Barnes started every game for the Rams over the last two seasons, but the new coaching staff in Los Angeles opted to replace him as part of a series of changes to the line this offseason.
The 49ers have also made moves on their offensive line, including a trade with the Ravens that brought center Jeremy Zuttah to the team. Zuttah’s presence would likely put any 49ers interest in Barnes as a depth option, although any thoughts on that front are likely premature until the 49ers put Barnes through his paces this week.
As the draft approaches, it’s important to remember that “anonymous scouts” may have a Machiavellian agenda, saying bad things about players they hope other teams won’t draft and good things about players they hope some other sucker will select. With that caveat, consider this fairly harsh criticism from an unnamed scout of Notre Dame quarterback DeShone Kizer.
“He’s a pure millennial,” the anonymous scout told Bob McGinn of the Milwaukee Journal-Sentinel. “He’s caught up in being more of a quarterback image than being a quarterback. If he goes to the right spot with the right coach, he’ll ascend. They’re going to have to get him to focus on football. I honestly think this guy would do better in a small market. If he goes to a big market he’ll enjoy everything else that comes with the position. The one position in the building you don’t want to worry about whether he’s going to be focused on football is quarterback.”
Since we don’t know who the unnamed scout is, it’s possible he works for a team that is in a small market and that hopes to land Kizer, who is regarded as having a potentially big upside. And the upside is the key, since teams without franchise quarterbacks know that the draft is one of the few places to find one.
As to going to “the right spot with the right coach,” that’s true of anyone, really. Dak Prescott instantly became Dak Prescott in part because he was picked by the Cowboys and not by a team that didn’t have the offensive line, the running back, the receivers, the tight end, and the coaching staff.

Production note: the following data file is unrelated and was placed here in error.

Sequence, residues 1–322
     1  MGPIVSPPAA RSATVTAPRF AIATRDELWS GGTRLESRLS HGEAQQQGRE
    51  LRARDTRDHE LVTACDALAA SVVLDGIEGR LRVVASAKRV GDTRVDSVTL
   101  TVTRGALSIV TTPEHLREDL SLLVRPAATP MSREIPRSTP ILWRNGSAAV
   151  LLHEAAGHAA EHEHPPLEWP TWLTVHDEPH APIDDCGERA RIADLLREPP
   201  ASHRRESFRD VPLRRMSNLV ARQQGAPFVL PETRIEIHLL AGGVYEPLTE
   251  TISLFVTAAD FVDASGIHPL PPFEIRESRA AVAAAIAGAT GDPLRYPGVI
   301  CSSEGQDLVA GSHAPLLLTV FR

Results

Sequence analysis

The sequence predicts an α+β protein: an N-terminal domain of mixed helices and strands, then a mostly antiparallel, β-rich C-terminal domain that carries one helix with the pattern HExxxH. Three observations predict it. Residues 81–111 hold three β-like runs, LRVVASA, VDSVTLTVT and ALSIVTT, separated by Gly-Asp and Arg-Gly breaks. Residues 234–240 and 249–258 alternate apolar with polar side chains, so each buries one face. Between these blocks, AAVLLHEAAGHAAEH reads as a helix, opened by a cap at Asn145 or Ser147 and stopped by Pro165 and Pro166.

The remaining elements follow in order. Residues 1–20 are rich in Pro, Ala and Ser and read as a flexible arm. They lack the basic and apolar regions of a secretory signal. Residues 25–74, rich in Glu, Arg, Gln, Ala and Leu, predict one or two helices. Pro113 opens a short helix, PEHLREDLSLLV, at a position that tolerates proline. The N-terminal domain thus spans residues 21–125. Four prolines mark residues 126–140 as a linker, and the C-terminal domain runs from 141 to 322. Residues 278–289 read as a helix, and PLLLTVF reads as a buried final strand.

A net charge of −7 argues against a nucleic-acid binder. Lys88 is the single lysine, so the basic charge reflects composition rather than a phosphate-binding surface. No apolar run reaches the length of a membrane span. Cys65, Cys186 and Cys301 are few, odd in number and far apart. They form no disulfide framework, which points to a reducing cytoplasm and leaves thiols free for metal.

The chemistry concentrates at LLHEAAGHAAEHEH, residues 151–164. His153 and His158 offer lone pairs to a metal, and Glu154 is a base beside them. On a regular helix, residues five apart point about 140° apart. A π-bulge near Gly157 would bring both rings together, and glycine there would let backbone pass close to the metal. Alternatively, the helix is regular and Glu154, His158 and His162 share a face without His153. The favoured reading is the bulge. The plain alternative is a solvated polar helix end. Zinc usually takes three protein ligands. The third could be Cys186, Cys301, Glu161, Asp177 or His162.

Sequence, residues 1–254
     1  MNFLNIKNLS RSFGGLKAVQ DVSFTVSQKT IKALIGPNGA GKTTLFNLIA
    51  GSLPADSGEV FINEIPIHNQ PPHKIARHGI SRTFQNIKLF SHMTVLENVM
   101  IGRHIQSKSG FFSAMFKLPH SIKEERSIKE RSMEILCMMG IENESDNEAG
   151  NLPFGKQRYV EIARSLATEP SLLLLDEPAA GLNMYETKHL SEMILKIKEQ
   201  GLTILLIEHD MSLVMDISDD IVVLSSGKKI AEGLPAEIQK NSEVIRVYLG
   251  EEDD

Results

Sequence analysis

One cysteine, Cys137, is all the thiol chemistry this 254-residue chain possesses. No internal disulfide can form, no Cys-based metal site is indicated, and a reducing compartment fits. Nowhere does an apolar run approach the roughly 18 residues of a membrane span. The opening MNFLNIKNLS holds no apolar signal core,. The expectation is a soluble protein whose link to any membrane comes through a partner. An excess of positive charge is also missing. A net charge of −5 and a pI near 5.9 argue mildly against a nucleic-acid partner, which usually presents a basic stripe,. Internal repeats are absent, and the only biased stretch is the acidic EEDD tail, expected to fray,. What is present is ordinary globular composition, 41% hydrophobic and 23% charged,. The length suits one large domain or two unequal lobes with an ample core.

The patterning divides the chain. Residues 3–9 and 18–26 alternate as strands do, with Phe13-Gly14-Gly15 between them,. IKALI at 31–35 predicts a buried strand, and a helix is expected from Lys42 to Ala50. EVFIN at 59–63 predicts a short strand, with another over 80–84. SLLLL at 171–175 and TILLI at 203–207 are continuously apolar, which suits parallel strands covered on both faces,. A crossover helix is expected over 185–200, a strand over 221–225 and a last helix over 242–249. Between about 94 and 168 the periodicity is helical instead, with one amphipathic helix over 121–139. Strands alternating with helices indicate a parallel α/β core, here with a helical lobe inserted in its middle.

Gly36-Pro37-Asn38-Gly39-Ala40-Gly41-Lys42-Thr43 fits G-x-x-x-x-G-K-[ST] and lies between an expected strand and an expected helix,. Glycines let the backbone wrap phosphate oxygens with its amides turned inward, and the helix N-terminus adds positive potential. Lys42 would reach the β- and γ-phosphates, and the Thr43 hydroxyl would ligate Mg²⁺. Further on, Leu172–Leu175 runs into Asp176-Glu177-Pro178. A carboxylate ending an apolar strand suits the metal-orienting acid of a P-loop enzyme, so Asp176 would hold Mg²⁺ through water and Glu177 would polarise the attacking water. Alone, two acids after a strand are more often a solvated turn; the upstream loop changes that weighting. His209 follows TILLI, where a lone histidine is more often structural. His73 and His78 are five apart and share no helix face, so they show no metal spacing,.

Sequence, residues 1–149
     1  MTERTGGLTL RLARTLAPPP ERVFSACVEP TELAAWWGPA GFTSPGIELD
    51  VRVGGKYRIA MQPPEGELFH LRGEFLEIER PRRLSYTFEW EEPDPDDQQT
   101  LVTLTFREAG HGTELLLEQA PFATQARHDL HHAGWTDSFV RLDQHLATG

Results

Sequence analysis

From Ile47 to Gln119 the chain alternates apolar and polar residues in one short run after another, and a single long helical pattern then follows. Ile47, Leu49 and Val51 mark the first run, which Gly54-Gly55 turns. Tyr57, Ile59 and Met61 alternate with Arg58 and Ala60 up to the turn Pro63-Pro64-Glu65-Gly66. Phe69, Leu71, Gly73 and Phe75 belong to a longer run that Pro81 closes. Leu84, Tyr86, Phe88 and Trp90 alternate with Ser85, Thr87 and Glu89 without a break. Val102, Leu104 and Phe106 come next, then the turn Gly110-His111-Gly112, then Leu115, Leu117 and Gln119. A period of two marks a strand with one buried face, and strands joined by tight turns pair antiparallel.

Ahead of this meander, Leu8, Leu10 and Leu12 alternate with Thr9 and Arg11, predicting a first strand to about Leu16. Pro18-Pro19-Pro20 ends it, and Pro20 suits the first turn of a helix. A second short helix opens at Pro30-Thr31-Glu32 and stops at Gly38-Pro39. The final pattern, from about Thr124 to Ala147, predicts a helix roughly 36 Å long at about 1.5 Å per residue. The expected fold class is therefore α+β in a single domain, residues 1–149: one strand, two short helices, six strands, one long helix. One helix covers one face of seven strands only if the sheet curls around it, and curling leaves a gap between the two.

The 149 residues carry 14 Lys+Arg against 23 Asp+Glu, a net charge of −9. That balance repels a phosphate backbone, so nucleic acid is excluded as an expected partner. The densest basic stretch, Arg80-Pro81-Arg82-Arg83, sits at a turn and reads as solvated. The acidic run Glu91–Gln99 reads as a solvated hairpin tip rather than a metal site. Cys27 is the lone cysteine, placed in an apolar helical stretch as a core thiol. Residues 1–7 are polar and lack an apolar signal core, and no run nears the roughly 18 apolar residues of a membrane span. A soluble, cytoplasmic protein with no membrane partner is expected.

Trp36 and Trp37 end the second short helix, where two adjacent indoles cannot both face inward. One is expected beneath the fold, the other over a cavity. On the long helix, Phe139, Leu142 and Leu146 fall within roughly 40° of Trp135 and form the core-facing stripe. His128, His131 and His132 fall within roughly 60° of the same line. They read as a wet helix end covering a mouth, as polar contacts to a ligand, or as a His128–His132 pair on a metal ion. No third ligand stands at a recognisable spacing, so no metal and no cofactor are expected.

For Kizer and any other quarterback, that should be the primary hope this week — to land in the right spot with the right coach, regardless of which round that happens in.
Discussions about free agent running back Adrian Peterson have cooled as the draft approaches, but at least one team remains interested.
The Saints and Peterson are still talking about a contract, Jeff Duncan of the Times-Picayune reports.
How soon a contract could be agreed upon remains to be seen. The Saints may want to wait and see if a running back they like is available in the draft, which could make them less interested in Peterson. And Peterson may want to see if a team that misses out on its preferred running back gives him a call.
But at a time when other teams aren’t showing a lot of interest in Peterson — or in any of the available veteran running backs, for that matter — the Saints remain interested.
ESPN would surely love to see the Saints sign Peterson, as their first opponent is the Vikings, on Monday Night Football.
In this week’s Monday Morning Quarterback column for TheMMQB.com, Peter King quotes Mike Mayock of NFL Network as saying that there is “more medical concern with high draft picks than I’ve ever seen in a draft before.”
One of those picks is Western Michigan wide receiver Corey Davis. Davis is at the top of the list of wide receivers available for selection this year, but ankle surgery at the start of the offseason kept him from working out for teams over the course of the pre-draft process.
Davis said at the Scouting Combine in early March that he was confident he would be “good by minicamp” and he offered another update recently. Davis told Josh Weinfuss of ESPN.com that he expects to be 100 percent in a “few weeks,” which would allow him to get some work in with his new team ahead of training camp this summer.
We’ll find out how much the injury impacted Davis’ draft standing later this week. He visited with the Ravens, Browns, Eagles and Titans, all of whom are thought to be good bets to add a receiver before the draft is out.
Now that the NFL has realized that it can do with the draft what it does with the Super Bowl, cities are lining up to get a chance to host the league’s annual offseason tentpole event.
Via Daniel Kaplan of SportsBusiness Journal, the number of locations interested in hosting the draft exceeds 20.